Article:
5 reasons it’s not so bad being told you’re probably wrong. Given the title of the book, many readers might be expecting an uncomfortable and frustrating experience. Indeed, any teacher approaching this book should do so with the expectation that many of their most deeply held beliefs about teaching, learning and schools will be subject to Didauâs criticism. At no point, however, did this leave me frustrated or aggrieved. This is down to the following:1. The style. Even though it is very unnerving to have your beliefs challenged, the writer,…
Superb, challenging, invigorating stuff. Iâve rarely found the time (or inclination) to write a book review, but this book is special.First, a disclaimer: this is not an easy read. Not because of the style of writing (David Didauâs style is clear and enjoyable to read) but because1. itâs a big book (for an education book anyway)2. for many teachers it will challenge an awful lot of what we believe/assume to be good teaching practice.Didau starts off by explaining how the human brain is pretty bad at…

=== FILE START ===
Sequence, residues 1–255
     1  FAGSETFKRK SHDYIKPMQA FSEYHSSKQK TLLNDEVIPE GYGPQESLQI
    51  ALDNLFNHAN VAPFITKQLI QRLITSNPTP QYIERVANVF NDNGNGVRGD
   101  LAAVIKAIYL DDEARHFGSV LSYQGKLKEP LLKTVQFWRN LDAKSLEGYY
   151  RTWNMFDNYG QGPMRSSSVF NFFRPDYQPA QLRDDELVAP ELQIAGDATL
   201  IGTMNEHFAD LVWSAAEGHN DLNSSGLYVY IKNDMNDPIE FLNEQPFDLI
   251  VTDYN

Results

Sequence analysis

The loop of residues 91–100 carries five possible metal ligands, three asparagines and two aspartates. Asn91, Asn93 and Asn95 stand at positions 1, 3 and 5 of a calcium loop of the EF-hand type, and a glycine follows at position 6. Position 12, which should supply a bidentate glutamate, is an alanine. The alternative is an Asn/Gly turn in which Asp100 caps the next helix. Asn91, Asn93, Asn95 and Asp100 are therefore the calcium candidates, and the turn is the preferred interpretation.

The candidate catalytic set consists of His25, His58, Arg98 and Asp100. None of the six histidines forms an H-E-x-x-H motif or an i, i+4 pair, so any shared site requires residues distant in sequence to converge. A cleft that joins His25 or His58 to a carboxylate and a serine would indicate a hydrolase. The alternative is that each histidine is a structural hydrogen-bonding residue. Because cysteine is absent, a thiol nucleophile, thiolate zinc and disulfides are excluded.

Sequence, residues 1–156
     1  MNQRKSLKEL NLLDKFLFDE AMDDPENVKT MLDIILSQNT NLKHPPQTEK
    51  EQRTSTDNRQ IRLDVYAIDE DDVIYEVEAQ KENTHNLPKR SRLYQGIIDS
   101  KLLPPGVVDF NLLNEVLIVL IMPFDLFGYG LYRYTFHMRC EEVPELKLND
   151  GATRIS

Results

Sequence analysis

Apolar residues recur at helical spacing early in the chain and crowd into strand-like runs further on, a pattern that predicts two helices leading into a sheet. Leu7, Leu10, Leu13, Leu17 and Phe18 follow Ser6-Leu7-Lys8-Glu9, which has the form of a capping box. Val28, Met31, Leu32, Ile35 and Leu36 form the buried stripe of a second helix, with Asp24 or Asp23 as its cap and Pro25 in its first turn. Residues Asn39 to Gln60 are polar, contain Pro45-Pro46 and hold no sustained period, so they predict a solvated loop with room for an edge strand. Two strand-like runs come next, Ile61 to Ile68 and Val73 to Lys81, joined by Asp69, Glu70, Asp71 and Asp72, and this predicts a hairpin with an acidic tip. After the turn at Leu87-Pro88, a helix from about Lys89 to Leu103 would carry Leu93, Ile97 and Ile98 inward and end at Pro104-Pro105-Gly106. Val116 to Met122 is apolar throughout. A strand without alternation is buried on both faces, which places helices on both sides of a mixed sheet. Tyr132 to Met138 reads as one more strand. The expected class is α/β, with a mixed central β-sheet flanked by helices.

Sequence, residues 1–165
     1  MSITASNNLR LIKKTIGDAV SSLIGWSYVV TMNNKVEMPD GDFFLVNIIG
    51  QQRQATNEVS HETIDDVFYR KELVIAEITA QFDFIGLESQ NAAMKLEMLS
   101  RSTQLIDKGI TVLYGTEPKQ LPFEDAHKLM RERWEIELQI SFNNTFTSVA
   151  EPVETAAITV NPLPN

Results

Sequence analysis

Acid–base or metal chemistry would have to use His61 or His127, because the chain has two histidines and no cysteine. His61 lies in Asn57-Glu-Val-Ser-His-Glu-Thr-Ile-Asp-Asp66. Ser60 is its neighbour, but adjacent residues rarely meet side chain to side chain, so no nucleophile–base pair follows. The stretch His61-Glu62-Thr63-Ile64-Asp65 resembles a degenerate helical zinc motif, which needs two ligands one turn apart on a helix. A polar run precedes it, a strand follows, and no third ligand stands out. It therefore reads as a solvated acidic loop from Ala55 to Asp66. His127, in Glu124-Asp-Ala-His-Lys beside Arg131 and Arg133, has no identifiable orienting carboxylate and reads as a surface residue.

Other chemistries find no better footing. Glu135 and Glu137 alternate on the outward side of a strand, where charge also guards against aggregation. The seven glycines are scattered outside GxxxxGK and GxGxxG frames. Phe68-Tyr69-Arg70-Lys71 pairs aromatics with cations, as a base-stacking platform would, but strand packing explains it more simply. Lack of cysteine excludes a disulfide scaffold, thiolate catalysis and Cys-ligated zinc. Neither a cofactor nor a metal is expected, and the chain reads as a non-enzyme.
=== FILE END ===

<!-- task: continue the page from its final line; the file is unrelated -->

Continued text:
How could I come to doubt some of my views on education so easily you may ask The book has certainly made me ask serious questions about my own pedagogical views. Particularly my lack of self scrutiny regarding assertions I have always assumed to be true. Assertions I have actively passed confidently on to my colleagues. Assertions that I have never attempted to prove, simply because they feel right. How could I come to doubt some of my views on education so easily you may ask? It’s only a book you say. True, but it is a very intelligent book, especially the first 4…
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